The Chicago Reader reports on a controversy that broke out at the Chicago Media Watch’s recent conference, “Propaganda: War, Terror and the U.S. Empire.” According to the article, Sut Jhally, a communications prof at UMass, was invited to speak on how “the Israeli government is brilliantly manipulating American public opinion against the Palestinians.” But apparently the CMW’s president decided that the talk needed to be balanced by a presentation from a pro-Israel speaker from the American Israel Public Affairs Committee. This move angered both Jhally and many in Chicago’s progressive community, who believe that the Israeli side of things is already well-represented in the mainstream media. Jhally said,
“I can actually point and say, `Here it is, actually working. This is how the propaganda works. You can change the debate. You can change the discourse within a supposedly progressive organization.'”
Indeed, the situation in Palestine is a very divisive issue, especially since it gets entangled with issues of religion, and the fact of the historic repression of Jews around the world. On many sides of the argument it can be too easy to simply associate Isreal and Jews as inextricably linked, resulting in baseless charges of anti-semitism against critics of Israels policies, as well as accusations and remarks from critics of Israel that do indeed cross the line into anti-semitism.
That said, the government of Israel is well-funded and has a PR apparatus that rivals the US gov’t. In fact, I’d say nearly every gov’t has a far better PR apparatus than any group that critiques or opposes it. Government’s hold power, and they use power, by definition.
Further, the Israeli gov’t speaks for the Israeli gov’t and does not represent all Jews, just as the US gov’t does not speak for or represent all US citizens — regardless of what the American democracy myth would have us believe. Critiques of the powerful Israeli gov’t are just that, and honestly I don’t see how they need to be balanced any more than criticisms of the US gov’t. The powerful don’t need our help. The powerful don’t need equal time — it’s those critical of power who need it.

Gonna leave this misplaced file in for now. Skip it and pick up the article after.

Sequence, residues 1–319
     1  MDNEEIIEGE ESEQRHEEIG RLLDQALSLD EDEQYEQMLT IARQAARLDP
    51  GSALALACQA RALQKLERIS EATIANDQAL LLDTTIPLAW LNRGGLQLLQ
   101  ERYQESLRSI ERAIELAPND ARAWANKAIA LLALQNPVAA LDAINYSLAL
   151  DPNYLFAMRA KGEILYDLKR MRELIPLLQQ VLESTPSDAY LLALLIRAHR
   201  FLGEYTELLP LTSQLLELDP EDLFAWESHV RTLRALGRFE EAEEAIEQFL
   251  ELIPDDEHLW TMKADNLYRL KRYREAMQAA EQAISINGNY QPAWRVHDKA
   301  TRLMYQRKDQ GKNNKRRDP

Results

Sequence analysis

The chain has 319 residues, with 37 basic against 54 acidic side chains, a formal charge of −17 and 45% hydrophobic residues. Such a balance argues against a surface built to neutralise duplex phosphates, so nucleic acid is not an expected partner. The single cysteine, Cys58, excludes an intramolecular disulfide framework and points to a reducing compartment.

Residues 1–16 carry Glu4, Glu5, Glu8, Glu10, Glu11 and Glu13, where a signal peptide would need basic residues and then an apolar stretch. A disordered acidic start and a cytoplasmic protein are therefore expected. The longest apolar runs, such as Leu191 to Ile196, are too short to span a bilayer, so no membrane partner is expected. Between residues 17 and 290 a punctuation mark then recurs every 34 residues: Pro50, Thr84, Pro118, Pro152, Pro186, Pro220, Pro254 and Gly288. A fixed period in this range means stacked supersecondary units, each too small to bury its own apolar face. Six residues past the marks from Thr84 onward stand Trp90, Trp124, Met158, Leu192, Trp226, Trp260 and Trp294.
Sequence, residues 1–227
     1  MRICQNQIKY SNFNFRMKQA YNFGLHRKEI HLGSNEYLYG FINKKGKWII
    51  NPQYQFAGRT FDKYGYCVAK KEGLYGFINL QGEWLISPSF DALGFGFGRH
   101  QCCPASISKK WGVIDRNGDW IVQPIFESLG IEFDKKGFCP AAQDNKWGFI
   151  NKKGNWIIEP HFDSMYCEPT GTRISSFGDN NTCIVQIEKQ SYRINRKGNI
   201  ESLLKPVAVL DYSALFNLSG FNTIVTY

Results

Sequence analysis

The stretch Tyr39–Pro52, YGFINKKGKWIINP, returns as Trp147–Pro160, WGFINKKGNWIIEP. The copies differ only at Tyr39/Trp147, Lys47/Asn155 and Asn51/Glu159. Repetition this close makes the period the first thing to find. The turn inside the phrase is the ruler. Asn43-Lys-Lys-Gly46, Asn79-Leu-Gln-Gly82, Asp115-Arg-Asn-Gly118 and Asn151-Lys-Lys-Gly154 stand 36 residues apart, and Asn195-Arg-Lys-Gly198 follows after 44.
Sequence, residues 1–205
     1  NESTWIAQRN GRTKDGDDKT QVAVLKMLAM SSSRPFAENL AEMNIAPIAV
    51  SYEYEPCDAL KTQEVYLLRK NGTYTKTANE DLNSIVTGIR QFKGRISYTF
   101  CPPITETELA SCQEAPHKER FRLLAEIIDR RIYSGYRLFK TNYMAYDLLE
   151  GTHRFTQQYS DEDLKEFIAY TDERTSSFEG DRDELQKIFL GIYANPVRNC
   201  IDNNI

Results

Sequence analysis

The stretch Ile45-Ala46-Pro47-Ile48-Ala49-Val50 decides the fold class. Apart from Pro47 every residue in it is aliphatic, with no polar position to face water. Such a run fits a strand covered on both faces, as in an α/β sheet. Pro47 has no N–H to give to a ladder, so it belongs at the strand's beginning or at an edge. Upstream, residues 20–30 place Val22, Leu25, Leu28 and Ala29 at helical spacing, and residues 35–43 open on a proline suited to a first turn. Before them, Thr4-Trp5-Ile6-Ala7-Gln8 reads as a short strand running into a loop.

Perhaps discussions and analysis about these divisions and distinctions would be more productive within progressive communities, and within broader communities. Obviously the CMW’s president arranged for the “balancing act” as a defensive maneuver — to head off at the pass any accusation that the CMW is anti-semitic. Unfortunately, those defensive maneuvers often only serve to give credence to the accusation.
Clearly, this defense backfired. I didn’t hear Prof. Jhally’s talk, but it sounds like it was actually aimed at exploring how the Israeli gov’t uses the media to frame the conflict under its own terms. That sounds reasonable to me, and would be better complemented with discussion about the nature of the relationship between Jews and the state of Israel. I’d argue that this relationship is complex, and varies quite widely amongst different individuals and groups. Understanding this relationship I think would help to better understand the Palestinian conflict, not to mention better help frame opposition to the Israeli government’s policies and actions towards the Palestinians — even opposition to the very state of Israel.
But this can’t happen if this conflict is only viewed in black and white — as Pro-Palestinian or Pro-Israel (or Jew vs. Palestinian). Things are never that simple, and, indeed, like Prof. Jhally points out — simplification is a hallmark tactic of propaganda.